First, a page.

The Master: Of course, it’s not entirely clear who the distinct villain is in The Master – though Lancaster Dodd’s flaws are the most likely culprit to pin, one could also argue that The Cause itself, Freddie Quell’s denial of self and his own problems or the government failing veterans for mental health care could be villains. Is there not a villain inside all of us, writhing beneath our skin, too close to the surface for comfort?
Of course not. There are good guys and bad guys only! The Master cannot discern which is which, which if you ask me is extraordinarily lazy writing. Make up your mind!
The Master of Disguise: The uncontested villain of TMoD is Devlin Bowman (Brent Spiner), who is so bold as to kidnap Fabbrizzio Disguisey (James Brolin) to do his bidding, which involves the theft of some of the country's legendary artifacts. We get to see Brolin, dressed as celebrities just like Jessica Simpson and Jesse Ventura, steal things like the Apollo shuttle, the Liberty Bell and the Constitution for the personal gain of one man who has a full-skin replica of his own face.
If that isn't enough to sway you, it is entirely possible that his character was built around two kid's movie necessities: the need for a villain, and the need for a running fart joke that graces the Bowman storyline.
Point to: The Master of Disguise. Philip Seymour Hoffman does not fart once in this movie, a clear indication that The Master takes itself too seriously. All the great films in history have fart jokes, especially The Shawshank Redemption.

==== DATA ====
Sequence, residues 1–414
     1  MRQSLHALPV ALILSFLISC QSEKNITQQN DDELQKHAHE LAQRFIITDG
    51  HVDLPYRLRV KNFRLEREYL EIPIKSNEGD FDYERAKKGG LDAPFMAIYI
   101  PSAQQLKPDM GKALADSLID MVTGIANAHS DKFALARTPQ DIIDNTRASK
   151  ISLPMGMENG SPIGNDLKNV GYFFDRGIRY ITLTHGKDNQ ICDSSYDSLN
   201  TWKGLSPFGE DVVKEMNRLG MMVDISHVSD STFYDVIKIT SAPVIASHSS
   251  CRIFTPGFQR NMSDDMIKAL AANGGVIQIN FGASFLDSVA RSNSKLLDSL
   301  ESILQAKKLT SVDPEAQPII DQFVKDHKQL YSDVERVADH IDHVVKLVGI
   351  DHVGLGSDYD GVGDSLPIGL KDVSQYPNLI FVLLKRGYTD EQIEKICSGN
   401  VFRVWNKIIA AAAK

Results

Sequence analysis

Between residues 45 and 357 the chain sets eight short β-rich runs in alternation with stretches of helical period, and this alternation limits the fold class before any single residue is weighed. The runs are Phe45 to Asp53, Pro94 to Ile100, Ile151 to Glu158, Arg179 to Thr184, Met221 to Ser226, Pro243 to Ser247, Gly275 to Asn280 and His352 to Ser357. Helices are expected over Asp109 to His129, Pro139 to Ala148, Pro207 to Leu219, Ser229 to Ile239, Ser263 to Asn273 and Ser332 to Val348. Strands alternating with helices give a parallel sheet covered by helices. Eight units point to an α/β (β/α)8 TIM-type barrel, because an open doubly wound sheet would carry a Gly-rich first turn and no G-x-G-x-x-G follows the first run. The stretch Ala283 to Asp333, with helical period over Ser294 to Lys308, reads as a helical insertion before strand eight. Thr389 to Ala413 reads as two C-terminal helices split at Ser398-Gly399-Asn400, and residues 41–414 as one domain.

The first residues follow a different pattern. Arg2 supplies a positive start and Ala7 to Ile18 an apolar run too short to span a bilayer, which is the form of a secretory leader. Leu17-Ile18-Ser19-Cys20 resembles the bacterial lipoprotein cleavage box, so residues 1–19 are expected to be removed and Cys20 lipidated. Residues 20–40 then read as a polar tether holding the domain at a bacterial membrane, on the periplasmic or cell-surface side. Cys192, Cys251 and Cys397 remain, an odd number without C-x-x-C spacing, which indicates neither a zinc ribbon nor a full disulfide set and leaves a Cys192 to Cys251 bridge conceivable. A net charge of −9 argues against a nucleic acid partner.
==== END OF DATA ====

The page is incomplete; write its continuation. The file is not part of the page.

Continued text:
The Master: This film is directed by Paul Thomas Anderson, who had been involved in a handful of productions before including There Will Be Blood (???) and Magnolia (?????). He is known as one of America's greatest working filmmakers, and The Master contains all the classic hallmarks of an Anderson film.
There's a tortured father-son relationship on display, struggles with depression and alcoholism, Joaquin Phoenix mumbling, a specific period piece, and a sweeping allegory for a larger topic all present in the same work. Because there's so much of Anderson in this movie in particular, audience members can feel the sheer weight of it, but there's no question that the script, production and directorial style worked in perfect unison for The Master.
The Master of Disguise: Perry Andelin Blake, previously a prominent production designer for Happy Madison Productions, made his bold 2002 directorial debut in TMoD, and has not directed a film since. Though this salient point has garnered criticism, even from myself, there’s something to be said for knowing when you're at the top of your game.
Point to: The Master of Disguise. To direct more than one movie ever is hubris.
The Master: “If you figure a way to live without serving a master, any master, then let the rest of us know, will you? For you’d be the first person in the history of the world.” - Lancaster Dodd
The Master of Disguise: “I’m going to be a master of disguise.” - Pistachio Disguisey
Point to: The Master of Disguise. These lines are exciting because they contain the title of the movie in them, so it is an extremely close shave. But in the end, duh.
This post has been sponsored by Ted 2, this summer’s hilarious romp through New England made by the gay billionaire filmmaker that I just love.